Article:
Your empathy with the Mexican culture shines through and the book offers an insight into living in Mexico that I haven’t found in other books about living or travelling in Mexico.

I particularly liked the cultural differences and how not to upset people and what to expect from the beaurocracy out there. I had also paid particular close attention to you article about the cost of living for the three lifestyles you showed. I had seen this article previously on your website and I have used it as a gauge for the lifestyle my family and I might expect to have in Mexico.

With your article and other information I’ve researched on the internet I’ve come up with a figure of….

Thanks once again for all your help and the really useful books. I hope you are managing to sell plenty to help out with your family finances. I will stay in touch and I look forward to your next article on your website.

Kind Regards

Edward Shields

7 comments

  1. Laurie Nov 24

    Hi Julia,

    Thank you for all of your thoughtful perceptions about Mexico on your website and your e-book that I have just downloaded. I have been doing a LOT of research about Mexico as retirement is approaching and we will need to leave the beautiful, but expensive, San Francisco Bay area.

    It is a real relief to finally find a site that is honest and real and that is not full of fluff written by people who have economic interests in getting American retirerees to move to Mexico and give them business. I have been trying to find information that portrays the real Mexico, under the “utopian gloss”, and I finally feel that I am making some progress.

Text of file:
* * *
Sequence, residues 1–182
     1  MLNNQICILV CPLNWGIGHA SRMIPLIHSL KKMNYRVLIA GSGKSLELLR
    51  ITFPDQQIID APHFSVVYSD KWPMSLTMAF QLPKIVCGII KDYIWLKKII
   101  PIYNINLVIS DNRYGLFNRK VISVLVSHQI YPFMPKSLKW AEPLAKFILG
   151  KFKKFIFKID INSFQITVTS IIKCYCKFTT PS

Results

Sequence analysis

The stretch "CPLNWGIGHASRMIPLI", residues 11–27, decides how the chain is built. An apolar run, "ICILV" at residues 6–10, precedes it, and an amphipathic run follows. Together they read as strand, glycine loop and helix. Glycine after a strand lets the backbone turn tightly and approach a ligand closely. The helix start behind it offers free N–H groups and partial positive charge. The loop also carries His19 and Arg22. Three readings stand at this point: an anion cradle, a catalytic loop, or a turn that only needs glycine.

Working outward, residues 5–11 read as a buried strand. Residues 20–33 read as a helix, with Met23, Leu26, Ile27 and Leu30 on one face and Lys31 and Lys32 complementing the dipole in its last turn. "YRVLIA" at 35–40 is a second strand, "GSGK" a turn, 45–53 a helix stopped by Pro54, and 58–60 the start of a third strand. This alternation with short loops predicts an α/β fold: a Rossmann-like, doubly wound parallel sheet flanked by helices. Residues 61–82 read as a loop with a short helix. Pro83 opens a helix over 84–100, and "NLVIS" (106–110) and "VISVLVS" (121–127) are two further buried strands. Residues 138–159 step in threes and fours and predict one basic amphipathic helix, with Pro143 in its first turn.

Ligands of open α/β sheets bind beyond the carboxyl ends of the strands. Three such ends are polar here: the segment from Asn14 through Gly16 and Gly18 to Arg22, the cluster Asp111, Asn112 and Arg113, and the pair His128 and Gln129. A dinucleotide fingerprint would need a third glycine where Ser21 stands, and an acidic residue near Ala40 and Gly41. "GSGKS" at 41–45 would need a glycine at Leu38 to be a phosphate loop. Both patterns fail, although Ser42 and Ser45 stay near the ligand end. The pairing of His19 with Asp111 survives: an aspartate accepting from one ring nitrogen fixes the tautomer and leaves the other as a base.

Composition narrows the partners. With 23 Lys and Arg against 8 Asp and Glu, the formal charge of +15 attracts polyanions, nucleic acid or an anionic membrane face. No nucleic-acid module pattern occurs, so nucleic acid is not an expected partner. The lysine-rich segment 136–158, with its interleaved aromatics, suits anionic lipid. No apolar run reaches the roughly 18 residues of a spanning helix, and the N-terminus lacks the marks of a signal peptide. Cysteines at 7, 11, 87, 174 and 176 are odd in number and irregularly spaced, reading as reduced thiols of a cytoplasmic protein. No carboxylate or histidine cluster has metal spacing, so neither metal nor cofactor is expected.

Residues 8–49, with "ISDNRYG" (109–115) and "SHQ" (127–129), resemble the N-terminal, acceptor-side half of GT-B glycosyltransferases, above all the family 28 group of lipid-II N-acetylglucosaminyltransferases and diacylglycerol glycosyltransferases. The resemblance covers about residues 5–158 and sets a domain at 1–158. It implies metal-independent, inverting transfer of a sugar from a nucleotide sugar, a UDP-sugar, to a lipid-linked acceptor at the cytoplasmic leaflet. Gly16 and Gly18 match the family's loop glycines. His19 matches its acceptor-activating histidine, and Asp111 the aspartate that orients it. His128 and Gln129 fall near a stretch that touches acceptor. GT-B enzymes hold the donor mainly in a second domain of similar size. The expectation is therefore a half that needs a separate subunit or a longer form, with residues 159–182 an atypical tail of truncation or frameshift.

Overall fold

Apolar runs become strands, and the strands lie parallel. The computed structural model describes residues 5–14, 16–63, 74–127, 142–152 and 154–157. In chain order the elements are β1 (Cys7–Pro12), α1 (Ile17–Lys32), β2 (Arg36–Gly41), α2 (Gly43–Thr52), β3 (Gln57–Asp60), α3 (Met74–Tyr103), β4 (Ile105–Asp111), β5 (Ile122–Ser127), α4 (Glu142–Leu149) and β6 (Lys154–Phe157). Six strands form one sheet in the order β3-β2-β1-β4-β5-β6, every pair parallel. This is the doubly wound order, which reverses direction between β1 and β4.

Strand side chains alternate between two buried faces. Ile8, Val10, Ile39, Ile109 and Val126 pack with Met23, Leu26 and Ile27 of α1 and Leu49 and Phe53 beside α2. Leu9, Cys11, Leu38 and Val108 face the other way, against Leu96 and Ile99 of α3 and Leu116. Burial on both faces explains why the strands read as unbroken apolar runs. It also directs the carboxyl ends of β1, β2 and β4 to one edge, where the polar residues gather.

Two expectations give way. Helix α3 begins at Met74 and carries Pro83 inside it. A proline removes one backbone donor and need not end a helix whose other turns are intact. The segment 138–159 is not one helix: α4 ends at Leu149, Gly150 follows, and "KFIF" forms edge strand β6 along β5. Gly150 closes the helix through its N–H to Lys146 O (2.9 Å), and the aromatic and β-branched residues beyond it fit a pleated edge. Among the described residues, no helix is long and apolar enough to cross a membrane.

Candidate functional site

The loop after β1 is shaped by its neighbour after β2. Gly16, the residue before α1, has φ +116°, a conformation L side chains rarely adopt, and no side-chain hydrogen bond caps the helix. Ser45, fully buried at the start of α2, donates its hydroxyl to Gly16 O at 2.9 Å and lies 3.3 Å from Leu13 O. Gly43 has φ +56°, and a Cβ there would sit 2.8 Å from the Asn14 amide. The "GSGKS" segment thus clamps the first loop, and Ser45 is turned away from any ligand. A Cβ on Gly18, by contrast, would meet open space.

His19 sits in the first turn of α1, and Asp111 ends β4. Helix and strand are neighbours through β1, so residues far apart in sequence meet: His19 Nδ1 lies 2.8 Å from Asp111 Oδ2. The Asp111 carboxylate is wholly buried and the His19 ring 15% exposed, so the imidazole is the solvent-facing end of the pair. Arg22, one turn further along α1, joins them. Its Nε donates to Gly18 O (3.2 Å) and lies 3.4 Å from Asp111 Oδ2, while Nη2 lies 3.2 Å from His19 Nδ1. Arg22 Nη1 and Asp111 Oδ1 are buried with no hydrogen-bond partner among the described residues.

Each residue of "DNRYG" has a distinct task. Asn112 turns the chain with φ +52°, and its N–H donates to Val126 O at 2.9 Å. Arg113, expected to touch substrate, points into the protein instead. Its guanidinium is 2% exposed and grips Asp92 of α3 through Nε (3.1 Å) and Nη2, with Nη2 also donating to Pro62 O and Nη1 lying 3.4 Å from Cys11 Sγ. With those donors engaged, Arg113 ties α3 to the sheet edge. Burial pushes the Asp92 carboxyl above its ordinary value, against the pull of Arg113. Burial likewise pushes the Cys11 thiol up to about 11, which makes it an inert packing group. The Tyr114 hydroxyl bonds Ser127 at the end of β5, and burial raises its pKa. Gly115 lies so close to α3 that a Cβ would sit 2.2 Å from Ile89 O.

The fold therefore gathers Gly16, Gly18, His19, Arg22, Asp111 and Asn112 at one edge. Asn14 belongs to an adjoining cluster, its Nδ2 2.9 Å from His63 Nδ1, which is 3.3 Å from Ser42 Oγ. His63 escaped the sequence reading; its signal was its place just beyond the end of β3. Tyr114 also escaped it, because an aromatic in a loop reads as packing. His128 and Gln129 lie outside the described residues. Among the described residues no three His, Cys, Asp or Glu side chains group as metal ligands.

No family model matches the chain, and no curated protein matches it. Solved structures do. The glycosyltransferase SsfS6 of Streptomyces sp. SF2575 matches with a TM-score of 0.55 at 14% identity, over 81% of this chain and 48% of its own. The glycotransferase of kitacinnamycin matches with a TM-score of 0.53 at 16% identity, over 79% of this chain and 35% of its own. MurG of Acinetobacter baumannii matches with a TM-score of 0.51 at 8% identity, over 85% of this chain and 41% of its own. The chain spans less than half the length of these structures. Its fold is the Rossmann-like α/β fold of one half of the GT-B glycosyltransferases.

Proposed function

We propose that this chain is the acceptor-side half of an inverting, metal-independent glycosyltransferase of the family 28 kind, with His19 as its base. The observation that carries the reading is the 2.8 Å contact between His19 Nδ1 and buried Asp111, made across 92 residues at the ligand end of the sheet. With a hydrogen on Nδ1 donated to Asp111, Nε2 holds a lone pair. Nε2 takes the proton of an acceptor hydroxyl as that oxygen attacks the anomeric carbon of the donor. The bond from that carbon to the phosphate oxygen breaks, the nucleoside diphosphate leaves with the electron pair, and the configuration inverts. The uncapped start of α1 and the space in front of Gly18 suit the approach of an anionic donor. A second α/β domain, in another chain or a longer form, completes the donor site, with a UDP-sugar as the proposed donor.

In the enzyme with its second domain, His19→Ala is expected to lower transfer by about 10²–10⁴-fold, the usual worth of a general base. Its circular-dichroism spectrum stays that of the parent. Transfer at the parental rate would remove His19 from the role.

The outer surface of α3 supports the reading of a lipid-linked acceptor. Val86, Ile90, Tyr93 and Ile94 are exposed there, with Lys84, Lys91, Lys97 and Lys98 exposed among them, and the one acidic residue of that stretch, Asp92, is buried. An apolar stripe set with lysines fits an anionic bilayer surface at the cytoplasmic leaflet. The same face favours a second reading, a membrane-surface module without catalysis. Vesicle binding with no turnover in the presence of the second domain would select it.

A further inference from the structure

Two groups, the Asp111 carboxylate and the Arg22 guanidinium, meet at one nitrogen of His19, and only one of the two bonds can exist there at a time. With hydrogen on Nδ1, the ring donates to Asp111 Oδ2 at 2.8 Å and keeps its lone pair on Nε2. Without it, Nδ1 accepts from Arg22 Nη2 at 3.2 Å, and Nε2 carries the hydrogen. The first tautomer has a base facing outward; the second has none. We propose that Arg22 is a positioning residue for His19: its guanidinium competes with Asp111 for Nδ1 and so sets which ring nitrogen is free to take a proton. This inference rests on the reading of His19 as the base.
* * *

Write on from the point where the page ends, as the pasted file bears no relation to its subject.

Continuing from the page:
I have seen hints of an undercurrent of resentment, etc., against Americans and that is at odds with the opinions stating that the Mexican are so friendly and welcoming. What is the real truth? Are we being “loved” only for what we can provide, monetarily? What are your thoughts on this important issue?

    Regarding

  2. Laurie Nov 24

    Hi Julia,

    I just wanted to finish my last comment but was unable to do so, so I will continue here with my comment on tipping.

    I have found many wonderful photos of Mexico, particularly San Miguel de Allende which is the town we are most interested in at the moment. I find the architecture and gardens enchanting, like many before me and photography is one of my main interests. In many of the photos I often see images of Mexican children and particularly, the lovely old and wrinkled faces of Mexican women. In these images the women often are not smiling, and in fact, many appear to be scowling at the camera. It would not be surprising that they would resent the constant clicking of the camera lens as if they were a prize exhibit at a zoo! As a photographer who enjoys taking travel shots I have always felt as if I was intruding on their privacy so I generally limit my photos to architecture and landscapes… What is the correct way to handle such situations in a gracious and thoughtful way? Would it be acceptable to offer a tip for each photo taken? How much would be appropriate?

    Thank you!
    Laurie

  3. Julia Taylor Nov 24

    Laurie,

    Good question — and an important one. I too avoid photographing people. My recommendation is to step up to the person and quietly ask if you may take their photo. If they say yes, then go ahead and don’t offer a tip. Of course, you’ll also have to be prepared to accept “no” for an answer.

    Imagine you are standing at the bus stop and someone snaps a photo of you. If they walked up and handed you a few coins, would you feel that it somehow made it worth it to you to let them reproduce and show others an image of your face?

    It sounds like you are asking yourself the right questions and also observing the responses of others (for example, noticing that the women in the photos don’t look very happy to be in them) so you will be able to get along just fine with others.